The functional outcomes on headaches were as follows; 39 patients (91%) reported the postoperative disappearance of their headache, while 3 patients (2 chronic and 1 acute, 9%) reported persistent headaches postoperatively. Three patients (one of each type) experienced a recurrence of headache; two of the three (acute and chronic) were associated with relapse of the cyst. Reoperation was performed with transsphenoidal surgery in both patients, resulting in the postoperative relief of headache. The other four patients who persisted headache after 1st or 2nd surgery were treated with medication if necessary (Tables 1,3).
The RCCs–associated headaches were divided into three types according to their onset and duration; apoplectic, acute, and chronic. The intensity of apoplectic type revealed hyper on T1–WI and hypoon T2–WI on MRI. That of acute type revealed hyper on T1–WI but inconsistent signals on T2–WI. Chronic type showed hypo on T1–WI and hyper on T2–WI in 50% of patients, and hyper on T1–WI with inconsistent signals on T2–WI, like as acute type, in the other 50%. The average of maximum diameters of cysts was significantly large in chronic type. Pathological examination demonstrated intracystic hemorrhage in apoplectic type, and both collagen tissue infiltration and inflammatory cell invasion were detected in chronic type.
Previous reports have described headaches in patients with RCCs that were frequently non–pulsating, with bilateral, frontal or retroorbital pain, and mimicking those with pituitary adenomas [9,14]. However, mechanisms causing these headaches remained unknown and there were few reports concerning correlations between the headaches and the MRI and pathological findings. In addition, some recent reports suggested patients presenting with sudden onset episodic headache resembled those with pituitary apoplexy, which provided a potential new mechanism for RCC–induced headaches [2,15,16].
Many authors have suggested that the development of headache due to RCCs involved the following mechanisms; compression or displacement of surrounding pain–sensitive structures, such as the diaphragm sellae [17,18]; spread of chemicals from cyst contents inducing inflammation in the adjacent adenohypophysis or neurohypophysis [6,10,19,20]; rupture of cyst wall letting cyst contents into the subarachnoid space [21,22]; and intracystic hemorrhage from the cyst wall [11,14,23]. Hypopituitarism, caused by the spread of inflammatory cyst contents to the hypothesis, also leads to irreversible changes and aggravates headache [14,16,17]. In our report, headaches caused by RCCs were divided into three types according to their onset and duration, and the correlations between MRI findings, pathological examination, and clinical features of headaches were analyzed.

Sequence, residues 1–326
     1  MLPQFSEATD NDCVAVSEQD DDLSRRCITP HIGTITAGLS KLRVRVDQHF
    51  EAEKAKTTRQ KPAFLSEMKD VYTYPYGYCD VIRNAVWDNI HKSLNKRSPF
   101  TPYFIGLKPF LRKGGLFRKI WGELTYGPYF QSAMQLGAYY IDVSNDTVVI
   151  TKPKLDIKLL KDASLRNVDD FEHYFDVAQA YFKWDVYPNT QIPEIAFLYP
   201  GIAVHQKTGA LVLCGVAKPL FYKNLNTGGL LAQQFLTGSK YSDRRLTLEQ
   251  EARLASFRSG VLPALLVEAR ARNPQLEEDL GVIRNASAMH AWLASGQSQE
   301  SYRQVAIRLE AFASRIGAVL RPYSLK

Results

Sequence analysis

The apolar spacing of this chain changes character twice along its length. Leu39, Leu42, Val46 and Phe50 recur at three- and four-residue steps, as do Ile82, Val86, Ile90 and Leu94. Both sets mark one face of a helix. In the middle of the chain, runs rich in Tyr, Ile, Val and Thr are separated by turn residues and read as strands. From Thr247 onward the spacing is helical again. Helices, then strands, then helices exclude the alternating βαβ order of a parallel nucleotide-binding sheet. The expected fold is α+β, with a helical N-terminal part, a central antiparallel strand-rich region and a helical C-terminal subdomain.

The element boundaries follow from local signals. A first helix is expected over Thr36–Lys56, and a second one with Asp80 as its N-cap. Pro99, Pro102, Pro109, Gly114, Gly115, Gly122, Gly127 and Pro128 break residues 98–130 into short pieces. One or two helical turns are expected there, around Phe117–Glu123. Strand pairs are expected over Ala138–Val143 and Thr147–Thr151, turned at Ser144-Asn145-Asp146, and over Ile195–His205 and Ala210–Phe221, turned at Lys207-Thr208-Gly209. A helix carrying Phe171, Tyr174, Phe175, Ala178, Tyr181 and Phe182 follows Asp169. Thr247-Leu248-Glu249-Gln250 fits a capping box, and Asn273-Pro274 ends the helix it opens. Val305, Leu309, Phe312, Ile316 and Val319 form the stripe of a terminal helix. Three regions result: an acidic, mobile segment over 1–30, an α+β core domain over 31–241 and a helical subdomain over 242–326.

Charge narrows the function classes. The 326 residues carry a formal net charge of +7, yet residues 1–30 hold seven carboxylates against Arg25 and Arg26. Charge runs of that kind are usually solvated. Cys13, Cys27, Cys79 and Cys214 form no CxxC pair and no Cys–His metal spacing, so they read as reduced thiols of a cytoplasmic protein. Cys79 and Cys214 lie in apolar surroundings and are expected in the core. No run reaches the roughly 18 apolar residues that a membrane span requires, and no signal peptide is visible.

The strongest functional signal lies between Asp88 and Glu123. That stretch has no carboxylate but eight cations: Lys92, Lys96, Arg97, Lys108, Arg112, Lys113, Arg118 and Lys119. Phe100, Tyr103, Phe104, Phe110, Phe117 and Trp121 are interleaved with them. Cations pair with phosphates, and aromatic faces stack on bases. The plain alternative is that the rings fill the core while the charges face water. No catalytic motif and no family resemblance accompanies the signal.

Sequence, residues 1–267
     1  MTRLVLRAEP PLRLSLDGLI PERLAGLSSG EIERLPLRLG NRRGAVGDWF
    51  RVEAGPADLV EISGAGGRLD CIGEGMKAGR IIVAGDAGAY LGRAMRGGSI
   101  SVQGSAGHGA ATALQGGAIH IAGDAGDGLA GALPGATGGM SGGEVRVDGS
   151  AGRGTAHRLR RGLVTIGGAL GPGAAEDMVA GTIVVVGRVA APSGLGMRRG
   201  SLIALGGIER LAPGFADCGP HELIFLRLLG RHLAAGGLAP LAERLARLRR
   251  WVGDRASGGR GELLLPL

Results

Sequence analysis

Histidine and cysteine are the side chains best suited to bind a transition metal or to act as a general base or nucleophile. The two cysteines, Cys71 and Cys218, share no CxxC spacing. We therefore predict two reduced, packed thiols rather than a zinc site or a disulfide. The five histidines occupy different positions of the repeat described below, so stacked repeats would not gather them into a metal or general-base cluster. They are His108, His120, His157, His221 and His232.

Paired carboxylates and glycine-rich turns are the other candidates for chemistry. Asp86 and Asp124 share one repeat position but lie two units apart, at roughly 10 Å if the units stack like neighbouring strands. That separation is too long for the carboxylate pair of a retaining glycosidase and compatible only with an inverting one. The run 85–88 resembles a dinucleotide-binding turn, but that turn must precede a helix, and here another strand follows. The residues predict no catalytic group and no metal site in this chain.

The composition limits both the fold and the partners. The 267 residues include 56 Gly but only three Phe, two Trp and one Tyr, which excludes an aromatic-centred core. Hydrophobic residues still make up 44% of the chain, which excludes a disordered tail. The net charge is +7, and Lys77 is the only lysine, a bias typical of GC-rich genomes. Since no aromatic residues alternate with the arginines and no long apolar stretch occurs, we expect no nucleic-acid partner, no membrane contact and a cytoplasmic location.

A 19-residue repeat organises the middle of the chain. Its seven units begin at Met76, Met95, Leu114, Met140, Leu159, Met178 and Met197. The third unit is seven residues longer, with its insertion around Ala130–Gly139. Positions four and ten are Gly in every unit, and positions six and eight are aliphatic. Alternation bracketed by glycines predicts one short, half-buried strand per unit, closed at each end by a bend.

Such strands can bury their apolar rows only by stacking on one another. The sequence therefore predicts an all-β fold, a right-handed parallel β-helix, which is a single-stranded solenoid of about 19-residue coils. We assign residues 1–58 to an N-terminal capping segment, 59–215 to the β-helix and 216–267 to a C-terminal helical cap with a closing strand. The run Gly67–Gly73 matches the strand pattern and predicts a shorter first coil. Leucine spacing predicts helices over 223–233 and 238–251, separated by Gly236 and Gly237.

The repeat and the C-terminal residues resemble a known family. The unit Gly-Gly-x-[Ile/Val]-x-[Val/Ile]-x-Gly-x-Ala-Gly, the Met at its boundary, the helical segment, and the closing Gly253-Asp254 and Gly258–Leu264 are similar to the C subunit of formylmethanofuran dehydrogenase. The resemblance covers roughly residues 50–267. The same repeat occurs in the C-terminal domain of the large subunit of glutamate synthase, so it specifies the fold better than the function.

Apoplectic type headaches were characterized as a sudden onset of severe headache, like a pituitary apoplexy. From MRI findings, the signals of the cyst contents revealed hyper intensity on T1–WI and hypointensity on T2–WI in all patients (Table 1). The histological findings demonstrated the invasion of inflammatory cells and bleeding from granulation tissue under the epithelial cell lining in 9 and 6 out of 10 surgical specimens, respectively (Table 2). Thus, our results suggested that intracystic hemorrhage and the spread of cyst contents resulting in inflammatory reactions around surrounding structures are viable potential mechanisms. Other authors have speculated that bleeding from granulation tissue in the cyst wall or bleeding from the portal system of the hypothesis due to the compression of the pituitary stalk, which leads to hypopituitarism, might be another possible mechanism [11,24].